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Stand with Crypto Alliance Attempts to Mobilise Crypto Owners

Coinbase's advocacy group recently reached 400,000 sign-ups. Together with Super PAC Fairshake, they've raised $86 million to lobby for industry interests and support the 'right' candidates in the upcoming elections.

The Stand with Crypto Alliance is an independent advocacy group for the crypto community that calls for sensible crypto policy from the U.S. government and urges the crypto community to engage directly in the legislative process. It was launched by Coinbase in August 2023. Earlier that year, Coinbase also initiated a  pro-crypto NFT Campaign that proved extremely successful and on-chain petition.

The Alliance has 13 industry partners, including Paradigm, Coinbase, Paxos, and Gemini, making it a fairly robust, industry-wide group. Most recently, the Stand With Crypto Alliance passed 400,000 sign-ups, and every day since then, it has welcomed over 1,000 new crypto advocates. While the number may sound impressive, it's really only a small fraction of the 50-100 million people who own cryptocurrency (in the U.S. alone).

Alongside the sign-ups, the movement has gathered about $86 million in donations, a massive $85 million of which was funneled into Fairshake. Fairshake is a federal super political action committee, and its affiliates are mainly sponsored by industry leaders rather than concerned citizens. Coinbase reportedly put $24.5 million in, while Andreessen Horowitz and Ripple each gave at least $20 million for this cause. Coinbase's CEO Brian Armstrong, who is one of the most significant figures in crypto lobbying and is apparently trying to become the primary mediator between the industry and U.S. lawmakers and regulators, personally contributed $1 million to Fairshake. The assets are currently used to pay for pro-crypto politicians’ advertisement campaigns, namely to House Financial Services Committee Chair Patrick McHenry and Majority Whip Tom Emmer. 

The Alliance's website provides Americans with information on how to interact with the country’s government for the sake of the crypto community. The website lists U.S. political figures divided into two camps, pro- and anti-crypto, and shares information on important related events and pieces of legislation. It also guides Americans on how to prepare a letter to their representatives (Congresspersons) urging their support for the Financial Innovation and Technology for the 21st Century Act Bill, aimed at defining the SEC’s and the CFTC’s authorities and duties connected to digital assets, excluding stablecoins. The bill introduced last Summer suggests that the SEC must be in charge of a digital asset if the blockchain on which it runs is functional but not decentralized. The CFTC must regulate an asset if the associated blockchain, or digital ledger, is functional and decentralized. It also proposes joint rulemaking between the two agencies and the establishment of a Joint CFTC-SEC Advisory Committee on Digital Assets.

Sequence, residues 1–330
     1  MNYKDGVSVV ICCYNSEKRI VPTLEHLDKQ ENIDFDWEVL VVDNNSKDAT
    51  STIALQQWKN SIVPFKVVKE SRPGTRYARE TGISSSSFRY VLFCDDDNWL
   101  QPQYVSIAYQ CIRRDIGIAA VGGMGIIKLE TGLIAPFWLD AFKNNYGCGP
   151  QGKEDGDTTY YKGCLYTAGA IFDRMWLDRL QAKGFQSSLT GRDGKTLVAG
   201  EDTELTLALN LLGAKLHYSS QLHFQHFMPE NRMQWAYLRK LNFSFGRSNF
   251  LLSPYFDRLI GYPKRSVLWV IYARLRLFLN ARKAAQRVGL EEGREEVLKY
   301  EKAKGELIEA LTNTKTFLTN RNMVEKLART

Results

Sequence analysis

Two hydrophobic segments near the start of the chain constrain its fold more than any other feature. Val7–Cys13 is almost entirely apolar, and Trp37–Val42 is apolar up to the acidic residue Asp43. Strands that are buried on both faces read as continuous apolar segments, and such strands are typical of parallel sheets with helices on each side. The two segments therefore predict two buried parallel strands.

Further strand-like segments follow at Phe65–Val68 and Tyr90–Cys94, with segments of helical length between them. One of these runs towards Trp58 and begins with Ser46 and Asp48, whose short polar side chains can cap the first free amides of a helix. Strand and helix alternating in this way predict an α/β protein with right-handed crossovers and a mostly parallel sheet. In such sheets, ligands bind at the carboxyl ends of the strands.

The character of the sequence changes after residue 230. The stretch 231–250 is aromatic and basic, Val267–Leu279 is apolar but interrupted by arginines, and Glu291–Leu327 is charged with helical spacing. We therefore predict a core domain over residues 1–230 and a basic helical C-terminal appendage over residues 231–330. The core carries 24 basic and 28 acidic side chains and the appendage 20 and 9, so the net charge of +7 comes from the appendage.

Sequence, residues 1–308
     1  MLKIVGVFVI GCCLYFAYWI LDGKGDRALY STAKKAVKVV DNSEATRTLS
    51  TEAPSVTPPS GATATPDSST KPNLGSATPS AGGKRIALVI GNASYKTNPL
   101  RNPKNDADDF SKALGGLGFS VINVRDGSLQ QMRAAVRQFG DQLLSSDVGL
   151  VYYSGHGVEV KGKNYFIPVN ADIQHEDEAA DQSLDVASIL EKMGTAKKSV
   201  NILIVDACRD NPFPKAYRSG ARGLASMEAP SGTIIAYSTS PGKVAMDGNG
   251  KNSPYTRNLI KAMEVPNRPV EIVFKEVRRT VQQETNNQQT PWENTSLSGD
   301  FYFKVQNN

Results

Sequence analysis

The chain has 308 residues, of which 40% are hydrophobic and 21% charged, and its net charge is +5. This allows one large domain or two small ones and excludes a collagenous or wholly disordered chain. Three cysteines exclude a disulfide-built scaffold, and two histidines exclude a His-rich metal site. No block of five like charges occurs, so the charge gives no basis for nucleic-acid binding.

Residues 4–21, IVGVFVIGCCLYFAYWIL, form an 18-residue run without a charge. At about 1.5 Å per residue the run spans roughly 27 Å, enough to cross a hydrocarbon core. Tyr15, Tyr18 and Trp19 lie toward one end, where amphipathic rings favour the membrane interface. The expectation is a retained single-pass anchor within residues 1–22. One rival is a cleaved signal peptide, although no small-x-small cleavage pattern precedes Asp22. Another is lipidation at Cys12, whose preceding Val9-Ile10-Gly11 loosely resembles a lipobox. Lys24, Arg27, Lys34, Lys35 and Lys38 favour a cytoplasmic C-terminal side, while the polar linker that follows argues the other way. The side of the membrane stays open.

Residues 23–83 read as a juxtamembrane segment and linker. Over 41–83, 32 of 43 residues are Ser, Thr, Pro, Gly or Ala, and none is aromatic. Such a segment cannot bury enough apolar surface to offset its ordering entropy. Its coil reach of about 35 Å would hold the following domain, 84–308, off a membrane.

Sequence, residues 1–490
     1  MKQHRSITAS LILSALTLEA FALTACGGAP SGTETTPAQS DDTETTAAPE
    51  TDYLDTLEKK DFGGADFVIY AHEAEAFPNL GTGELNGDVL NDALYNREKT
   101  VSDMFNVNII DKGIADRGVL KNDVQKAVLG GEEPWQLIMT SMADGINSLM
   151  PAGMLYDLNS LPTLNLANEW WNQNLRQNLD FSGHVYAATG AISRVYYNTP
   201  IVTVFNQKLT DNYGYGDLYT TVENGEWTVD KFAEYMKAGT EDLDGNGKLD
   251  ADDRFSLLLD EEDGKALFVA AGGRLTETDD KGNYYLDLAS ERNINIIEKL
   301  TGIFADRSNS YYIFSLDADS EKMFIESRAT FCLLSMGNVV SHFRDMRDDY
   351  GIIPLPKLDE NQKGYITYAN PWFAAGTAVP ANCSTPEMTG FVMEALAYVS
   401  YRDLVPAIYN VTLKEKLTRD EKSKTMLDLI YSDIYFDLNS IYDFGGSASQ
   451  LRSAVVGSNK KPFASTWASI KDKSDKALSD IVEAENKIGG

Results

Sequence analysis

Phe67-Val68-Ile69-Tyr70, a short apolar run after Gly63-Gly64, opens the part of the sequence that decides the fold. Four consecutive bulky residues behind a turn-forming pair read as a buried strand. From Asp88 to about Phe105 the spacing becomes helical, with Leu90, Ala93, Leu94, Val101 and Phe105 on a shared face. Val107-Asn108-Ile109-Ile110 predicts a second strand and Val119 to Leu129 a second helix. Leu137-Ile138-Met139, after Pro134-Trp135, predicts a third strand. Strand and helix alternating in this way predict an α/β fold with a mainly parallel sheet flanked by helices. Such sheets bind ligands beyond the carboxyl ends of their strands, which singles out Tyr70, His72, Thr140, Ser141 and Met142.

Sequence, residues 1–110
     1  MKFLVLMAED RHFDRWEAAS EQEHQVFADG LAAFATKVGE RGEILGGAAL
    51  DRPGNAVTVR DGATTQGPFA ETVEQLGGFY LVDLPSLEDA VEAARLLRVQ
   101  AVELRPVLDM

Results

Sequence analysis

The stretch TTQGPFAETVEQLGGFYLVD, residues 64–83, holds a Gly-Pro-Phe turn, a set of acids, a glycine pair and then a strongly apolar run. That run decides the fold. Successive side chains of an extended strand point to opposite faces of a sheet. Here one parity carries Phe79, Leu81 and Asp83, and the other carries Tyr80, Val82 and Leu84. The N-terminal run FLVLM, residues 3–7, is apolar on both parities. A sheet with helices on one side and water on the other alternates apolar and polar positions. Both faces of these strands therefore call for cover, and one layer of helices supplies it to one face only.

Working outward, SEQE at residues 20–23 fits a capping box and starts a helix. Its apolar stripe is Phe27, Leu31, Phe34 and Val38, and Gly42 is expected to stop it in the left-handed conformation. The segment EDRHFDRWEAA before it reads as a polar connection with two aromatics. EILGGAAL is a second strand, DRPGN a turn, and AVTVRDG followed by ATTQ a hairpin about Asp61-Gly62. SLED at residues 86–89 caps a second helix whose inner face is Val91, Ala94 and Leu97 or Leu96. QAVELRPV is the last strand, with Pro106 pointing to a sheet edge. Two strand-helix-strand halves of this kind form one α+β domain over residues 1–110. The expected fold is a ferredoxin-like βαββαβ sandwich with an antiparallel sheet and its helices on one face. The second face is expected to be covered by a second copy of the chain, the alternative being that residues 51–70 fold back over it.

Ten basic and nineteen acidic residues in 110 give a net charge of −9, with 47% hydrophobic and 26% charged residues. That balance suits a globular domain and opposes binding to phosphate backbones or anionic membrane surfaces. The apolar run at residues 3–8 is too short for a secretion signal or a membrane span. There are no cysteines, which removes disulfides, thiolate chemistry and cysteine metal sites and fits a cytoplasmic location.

“FIT21 sets foundational rules for crypto that are pro-consumer and pro-job creation. It will protect 52 million Americans who own crypto and create millions of jobs in a critical technology sector that impacts our national security...  I am asking you to support the Bill so it can be brought to a floor vote this session.” - a sample of the draft email.

The Alliance also tries to engage the public by offering them collectibles. It is possible to get a free NFT for registration to vote this year and mine a collectible commemorating the launch of the Stand With Crypto Alliance for 0.00435 ETH ($14), which so far has been done by 1,100 people.

Off-line, the Alliance is getting out on the streets to make themselves heard. On the eve of Super Tuesday, the 'crypto voters' gathered in a club and made a nice show on Hollywood Boulevard with a fake movie ad depicting the anti-crypto Senate candidate Katie Porter as a villain. The Fairshake reportedly spent $10 million on ads opposing her run for the U.S. Senate in California.

The results of the upcoming elections could significantly impact the crypto landscape in the U.S. It is not clear yet if 'Stand with Crypto' might indeed influence the results. While we can see some signs that crypto industry representatives might finally force regulators to reckon with them, there is an opinion that so-called 'crypto voters' who cast ballots only based on crypto-related criteria simply do not exist, as other political and economic suggestions of the candidates are much more important for the general public. Still, it is interesting to observe how the industry is trying to develop a dialogue with the authorities by traditional methods instead of switching jurisdictions.